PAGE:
Philosophers do not agree about anything to speak of. And why not? How can it be that equally intelligent and well-trained philosophers can disagree about the freedom of the will or nominalism or the covering-law model of scientific explanation when each is aware of all the arguments and distinctions and other relevant considerations that the others are aware of? How can we philosophers possibly regard ourselves as justified in believing anything of philosophical significance under these conditions? How can I believe (as I do) that free will is incompatible with determinism or that unrealized possibilities are not physical objects or that human beings are not four-dimensional things extended in time as well as in space when David Lewis—a philosopher of truly formidable intelligence and insight and ability—rejects these things I believe and is aware of and understands perfectly every argument that I could bring in their defense?
Peter van Inwagen, ‘Quam dilecta’, in Thomas V. Morris (ed.), God and the Philosophers: The Reconciliation of Faith and Reason, New York, 1994, pp. 40-41
Let us suppose, unrealistically, that IQ tests really measure intellectual ability. Let us in fact assume, even more unrealistically, that they measure the intellectual abilities that are relevant to success in metaphysics. Why should we suppose that a species with a mean IQ of 100—our own species—is able to solve the problems of metaphysics? Pretty clearly a species with a mean IQ of 60 wouldn’t be in a position to achieve this. Pretty clearly, a species with a mean IQ of 160 would be in a better position than we to achieve this. Why should we suppose that the “cut-off-point” is something like 90 or 95? Why shouldn’t it be 130 or 170 or 250? The conclusion of this meditation on mystery is that if metaphysics does indeed present us with mysteries that we are incapable of penetrating, this fact is not itself mysterious. It is just what we should expect, given that we are convinced that beings only slightly less intellectually capable than ourselves would certainly be incapable of penetrating these mysteries. If we cannot know why there is anything at all, or why there should be rational beings, or how thought and feeling are possible, or how our conviction that we have free will could possibly be true, why should that astonish us? What reason have we, what reason could we possibly have, for thinking that our intellectual abilities are equal to the task of answering these questions?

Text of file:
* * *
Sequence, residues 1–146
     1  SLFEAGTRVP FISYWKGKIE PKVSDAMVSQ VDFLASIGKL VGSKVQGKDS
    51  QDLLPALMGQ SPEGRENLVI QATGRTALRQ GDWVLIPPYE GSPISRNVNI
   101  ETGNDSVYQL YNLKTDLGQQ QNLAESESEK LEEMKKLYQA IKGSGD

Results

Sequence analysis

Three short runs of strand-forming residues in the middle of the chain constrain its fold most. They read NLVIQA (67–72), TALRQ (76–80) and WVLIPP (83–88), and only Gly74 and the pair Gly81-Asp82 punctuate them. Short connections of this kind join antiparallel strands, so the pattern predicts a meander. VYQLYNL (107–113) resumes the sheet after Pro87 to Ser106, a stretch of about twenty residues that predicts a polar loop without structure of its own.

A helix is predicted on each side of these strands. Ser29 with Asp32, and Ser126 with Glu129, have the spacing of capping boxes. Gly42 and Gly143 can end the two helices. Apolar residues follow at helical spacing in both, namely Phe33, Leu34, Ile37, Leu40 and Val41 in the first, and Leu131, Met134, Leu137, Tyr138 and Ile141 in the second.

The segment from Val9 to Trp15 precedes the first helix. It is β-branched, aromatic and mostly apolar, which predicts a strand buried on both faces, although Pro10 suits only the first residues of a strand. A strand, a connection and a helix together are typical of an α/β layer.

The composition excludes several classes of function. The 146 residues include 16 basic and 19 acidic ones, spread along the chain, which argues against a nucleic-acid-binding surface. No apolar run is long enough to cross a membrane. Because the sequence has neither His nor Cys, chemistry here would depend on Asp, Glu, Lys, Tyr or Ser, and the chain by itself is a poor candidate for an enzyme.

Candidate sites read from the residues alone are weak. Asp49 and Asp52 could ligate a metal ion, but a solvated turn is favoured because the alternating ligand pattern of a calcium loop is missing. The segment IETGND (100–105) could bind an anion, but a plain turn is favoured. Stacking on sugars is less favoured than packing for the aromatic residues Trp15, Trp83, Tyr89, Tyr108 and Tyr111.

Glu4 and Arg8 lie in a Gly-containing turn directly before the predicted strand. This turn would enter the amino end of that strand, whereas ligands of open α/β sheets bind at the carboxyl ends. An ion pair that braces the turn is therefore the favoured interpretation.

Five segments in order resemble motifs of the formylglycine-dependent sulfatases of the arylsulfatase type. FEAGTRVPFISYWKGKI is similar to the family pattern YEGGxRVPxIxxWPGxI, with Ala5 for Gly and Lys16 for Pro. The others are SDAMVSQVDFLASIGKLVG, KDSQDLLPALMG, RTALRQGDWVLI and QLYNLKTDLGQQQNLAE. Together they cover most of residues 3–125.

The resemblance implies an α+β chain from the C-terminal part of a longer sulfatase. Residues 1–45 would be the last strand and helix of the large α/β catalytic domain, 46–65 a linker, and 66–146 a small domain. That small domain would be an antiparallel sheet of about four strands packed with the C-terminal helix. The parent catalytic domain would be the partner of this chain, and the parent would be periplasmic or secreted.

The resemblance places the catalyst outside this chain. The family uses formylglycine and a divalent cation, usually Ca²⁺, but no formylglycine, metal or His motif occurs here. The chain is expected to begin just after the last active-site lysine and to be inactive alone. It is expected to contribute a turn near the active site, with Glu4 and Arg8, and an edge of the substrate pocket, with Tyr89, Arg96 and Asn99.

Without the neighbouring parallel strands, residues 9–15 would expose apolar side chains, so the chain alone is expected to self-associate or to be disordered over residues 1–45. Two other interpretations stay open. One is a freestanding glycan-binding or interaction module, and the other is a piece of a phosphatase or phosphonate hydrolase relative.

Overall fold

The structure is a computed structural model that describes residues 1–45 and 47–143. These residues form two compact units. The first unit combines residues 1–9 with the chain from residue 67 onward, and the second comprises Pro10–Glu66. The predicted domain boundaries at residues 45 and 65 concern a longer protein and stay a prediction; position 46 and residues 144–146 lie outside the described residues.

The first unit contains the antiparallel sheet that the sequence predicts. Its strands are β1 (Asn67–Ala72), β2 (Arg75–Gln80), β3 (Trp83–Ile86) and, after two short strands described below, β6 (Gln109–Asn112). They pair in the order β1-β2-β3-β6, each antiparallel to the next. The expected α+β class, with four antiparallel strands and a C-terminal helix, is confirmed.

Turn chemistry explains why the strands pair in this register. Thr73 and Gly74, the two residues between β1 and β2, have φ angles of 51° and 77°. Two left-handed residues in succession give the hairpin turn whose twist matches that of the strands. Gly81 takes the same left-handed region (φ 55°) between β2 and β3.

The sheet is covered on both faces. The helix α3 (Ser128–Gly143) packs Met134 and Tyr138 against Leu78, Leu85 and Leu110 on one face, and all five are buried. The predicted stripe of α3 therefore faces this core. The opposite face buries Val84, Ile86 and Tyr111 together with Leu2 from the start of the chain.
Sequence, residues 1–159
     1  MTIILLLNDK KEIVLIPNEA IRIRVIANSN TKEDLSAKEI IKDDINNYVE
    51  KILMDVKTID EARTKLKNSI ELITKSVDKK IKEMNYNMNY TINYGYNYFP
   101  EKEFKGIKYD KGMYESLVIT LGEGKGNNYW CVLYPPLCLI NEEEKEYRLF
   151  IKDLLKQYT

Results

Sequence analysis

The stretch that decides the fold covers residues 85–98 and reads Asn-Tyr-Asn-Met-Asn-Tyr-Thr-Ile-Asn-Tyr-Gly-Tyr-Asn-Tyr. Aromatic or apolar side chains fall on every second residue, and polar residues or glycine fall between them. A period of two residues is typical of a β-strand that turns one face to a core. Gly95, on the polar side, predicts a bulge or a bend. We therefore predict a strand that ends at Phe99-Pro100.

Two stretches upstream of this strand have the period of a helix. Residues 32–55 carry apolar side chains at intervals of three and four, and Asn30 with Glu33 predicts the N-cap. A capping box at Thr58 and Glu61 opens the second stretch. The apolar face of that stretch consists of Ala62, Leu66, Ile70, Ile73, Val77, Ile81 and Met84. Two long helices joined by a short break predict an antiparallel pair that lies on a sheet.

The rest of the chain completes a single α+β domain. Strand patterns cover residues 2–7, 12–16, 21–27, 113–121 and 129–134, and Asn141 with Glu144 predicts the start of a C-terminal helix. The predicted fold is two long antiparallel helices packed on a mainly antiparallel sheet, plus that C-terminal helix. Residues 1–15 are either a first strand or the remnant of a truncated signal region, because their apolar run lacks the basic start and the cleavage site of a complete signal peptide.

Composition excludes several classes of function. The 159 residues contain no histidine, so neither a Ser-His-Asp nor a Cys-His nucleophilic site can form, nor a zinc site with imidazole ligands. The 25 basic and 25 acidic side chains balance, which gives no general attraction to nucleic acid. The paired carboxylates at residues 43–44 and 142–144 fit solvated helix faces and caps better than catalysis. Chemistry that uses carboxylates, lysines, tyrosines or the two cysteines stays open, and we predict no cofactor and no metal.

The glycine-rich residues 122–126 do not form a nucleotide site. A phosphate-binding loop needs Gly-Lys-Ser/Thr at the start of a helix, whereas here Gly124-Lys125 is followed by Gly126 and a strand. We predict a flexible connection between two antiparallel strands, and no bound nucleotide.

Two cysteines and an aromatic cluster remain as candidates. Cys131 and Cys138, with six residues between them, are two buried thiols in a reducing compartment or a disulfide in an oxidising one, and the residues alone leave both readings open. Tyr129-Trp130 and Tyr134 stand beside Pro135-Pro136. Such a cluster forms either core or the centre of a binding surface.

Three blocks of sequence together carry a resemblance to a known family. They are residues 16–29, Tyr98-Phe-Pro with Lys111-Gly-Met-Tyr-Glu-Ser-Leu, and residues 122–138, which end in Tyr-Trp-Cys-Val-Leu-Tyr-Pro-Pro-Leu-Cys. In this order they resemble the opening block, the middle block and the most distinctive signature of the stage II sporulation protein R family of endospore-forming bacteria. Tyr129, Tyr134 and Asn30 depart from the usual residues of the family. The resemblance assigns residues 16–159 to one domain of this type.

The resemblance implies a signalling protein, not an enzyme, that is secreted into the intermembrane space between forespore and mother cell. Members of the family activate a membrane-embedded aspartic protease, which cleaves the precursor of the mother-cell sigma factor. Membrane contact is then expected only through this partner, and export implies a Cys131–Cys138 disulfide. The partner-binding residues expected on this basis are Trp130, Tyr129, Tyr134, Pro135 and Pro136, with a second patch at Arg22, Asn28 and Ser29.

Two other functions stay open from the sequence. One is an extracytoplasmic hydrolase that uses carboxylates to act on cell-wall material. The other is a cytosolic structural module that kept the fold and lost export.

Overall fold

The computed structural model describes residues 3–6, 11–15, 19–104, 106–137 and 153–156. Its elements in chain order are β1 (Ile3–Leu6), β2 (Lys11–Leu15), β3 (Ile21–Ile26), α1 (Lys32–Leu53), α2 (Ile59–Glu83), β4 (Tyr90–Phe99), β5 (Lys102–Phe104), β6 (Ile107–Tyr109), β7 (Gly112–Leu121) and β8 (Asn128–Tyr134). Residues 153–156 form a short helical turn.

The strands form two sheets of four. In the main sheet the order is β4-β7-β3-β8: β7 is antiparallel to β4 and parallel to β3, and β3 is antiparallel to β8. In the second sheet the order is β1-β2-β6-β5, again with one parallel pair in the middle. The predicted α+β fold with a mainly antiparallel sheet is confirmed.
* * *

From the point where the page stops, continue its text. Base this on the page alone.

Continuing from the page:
Peter van Inwagen, Metaphysics, Boulder, Colorado, 1993, p. 201
Suppose that we were to divide a square into a million smaller squares by dividing each of its sides into a thousand equal parts. And suppose that we took the first million digits in the decimal part of pi and interpreted each as corresponding to one of the million squares by some simple correspondence rule (something like this: the top left square is assigned the first digit, the next square to the right is assigned the second digit, and so on). And suppose that we assigned a color to each of the numbers 0 through 0 and painted each of the small squares with the color corresponding to the number assigned to it.
What would we say if the result turned out to be a meaningful picture—a landscape or a still life or something equally representational—of surpassing beauty?
Peter van Inwagen, Metaphysics, Boulder, Colorado, 1993, p. 137